walkitout (walkitout) wrote,

a Possible but Improbable Future

Once upon a time, after we'd collectively exhausted ourselves killing each other, we rebuilt. Because the United States had not been itself the site of (much of) the action, our factories were intact and ready to be redirected from building bombs to building cars and appliances and a whole bunch of other stuff. The Levitts got really famous for mass-producing housing and they were imitated around the country, thus supplying material for generations of complaints about suburbia and its woes.

What the Levitts did was accept a government contract to provide housing, at first rental and then for sale (the sale stuff backed by the FHA). They got some agricultural land (the famous potato fields) about a half hour from a locus of economic activity (NYC), they reduced housing to a sort of bare minimum (2 bedrooms, 1 bath, a combined living area, and an attic tall enough to expand into additional bedrooms, all sitting on a concrete slab which included radiant heating, in one of two shapes), and then they had their non-union workforce specialize in particular steps of construction. Previously, the Levitts had been doing what everyone else did as housing builders: make housing for rich(er) people.

The Levitts had previously specialized in housing for rich(er) people for the same reason that condos and apartment buildings seem always to be built as "luxury" housing. The financing for large multifamily is cobbled together from multiple sources (and the builders often as well), and must navigate complex zoning and development processes. There is no certainty in this process, and worse, the business cycle must be managed as well, to buy the land during a bust, work through the regulatory maze and hopefully get the building sold (or rented out) before the next crash. Oh, and hope whatever it is in the area that means there's a market for these units doesn't entirely disappear and that you aren't out-competed by single family choices.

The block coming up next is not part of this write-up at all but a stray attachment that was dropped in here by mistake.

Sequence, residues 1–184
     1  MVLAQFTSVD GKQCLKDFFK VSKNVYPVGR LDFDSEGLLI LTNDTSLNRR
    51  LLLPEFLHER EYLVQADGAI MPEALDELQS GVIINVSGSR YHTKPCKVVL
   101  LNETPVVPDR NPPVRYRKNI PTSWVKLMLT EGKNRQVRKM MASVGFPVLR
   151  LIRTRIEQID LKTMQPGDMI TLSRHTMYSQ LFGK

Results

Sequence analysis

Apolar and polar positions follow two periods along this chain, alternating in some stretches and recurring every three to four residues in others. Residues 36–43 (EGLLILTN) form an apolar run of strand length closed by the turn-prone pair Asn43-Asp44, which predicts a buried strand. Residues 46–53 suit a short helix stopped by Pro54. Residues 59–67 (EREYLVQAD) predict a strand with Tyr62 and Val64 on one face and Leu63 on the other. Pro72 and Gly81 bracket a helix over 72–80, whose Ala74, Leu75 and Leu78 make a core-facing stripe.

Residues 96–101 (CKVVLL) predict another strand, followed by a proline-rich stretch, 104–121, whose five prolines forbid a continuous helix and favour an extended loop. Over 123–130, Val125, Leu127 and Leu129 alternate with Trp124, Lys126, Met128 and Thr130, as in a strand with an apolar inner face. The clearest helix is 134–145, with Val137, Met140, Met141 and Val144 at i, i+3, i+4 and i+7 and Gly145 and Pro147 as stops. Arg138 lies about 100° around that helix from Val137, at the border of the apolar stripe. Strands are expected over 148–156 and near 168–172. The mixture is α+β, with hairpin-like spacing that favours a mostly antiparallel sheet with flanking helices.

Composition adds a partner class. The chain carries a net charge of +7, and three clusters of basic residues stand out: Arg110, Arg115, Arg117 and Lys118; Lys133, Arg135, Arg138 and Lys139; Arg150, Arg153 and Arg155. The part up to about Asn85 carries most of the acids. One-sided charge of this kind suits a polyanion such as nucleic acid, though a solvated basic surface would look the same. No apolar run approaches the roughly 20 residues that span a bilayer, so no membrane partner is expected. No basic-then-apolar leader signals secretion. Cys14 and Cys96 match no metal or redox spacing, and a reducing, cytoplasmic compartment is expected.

FHA loans, cookie-cutter (ticky tacky) (monotonous conformity) (choose your derogatory adjectival phrase here) plans, mass quantities (ultimately, 17K+ houses built by the Levitts), non-union labor and deskilling of construction were all crucial in creating mass suburbanization.

But our world of about a half hour from a locus of economic activity has been mostly filled in (and then some). If I remember SimCity correctly, at some point we're supposed to start seeing those single family homes, that low density development, be replaced with multifamily, multistory, etc. You can't make more land (except you can, by going up and down).

Even though unemployment is a huge problem, rents continue to rise. We haven't been building and a lot of that spare capacity from the boom years is in the Wrong Place (rules 1-n of real estate are location). With financing is persistently available at very low interest rates (and the Fed promising to keep it that way), I believe we might have a near future involving cookie-cutter, mass quantity, non-union labor, etc. producing vast seas of multi-family where once there were oceans of single-family homes and low density development. And if the world of the Levitts involved a whole lot of jobs, at least some of those jobs came from building those homes and then making the crap to go in them.

Sure, a couple wars a long ways away are no WW2, but maybe we could sort of pretend they were and, skipping over the horrors of making the women stay home with the kiddies and treating black people badly, maybe we could go straight to the part where we rebuild our world to better suit our needs. Maddow and everyone else goes on about infrastructure and they seem to always mean roads and electricity and clean water and so forth. But housing matters. If we could get some regional or even national leadership on creating a more predictable path towards multifamily development (because that maze of zoning is a nightmare, and not just for developers), I think it would be good for a lot of people. Maybe not the people who want to keep their in-town septic system, but everyone else.

Oh, and while we're at it, when are the developers going to notice that the three bedrooms _always_ sell or rent first, regardless of the price point? This _should_ be interpreted as meaning more of them ought to be included, but that just does not seem to happen (or at least not quickly).
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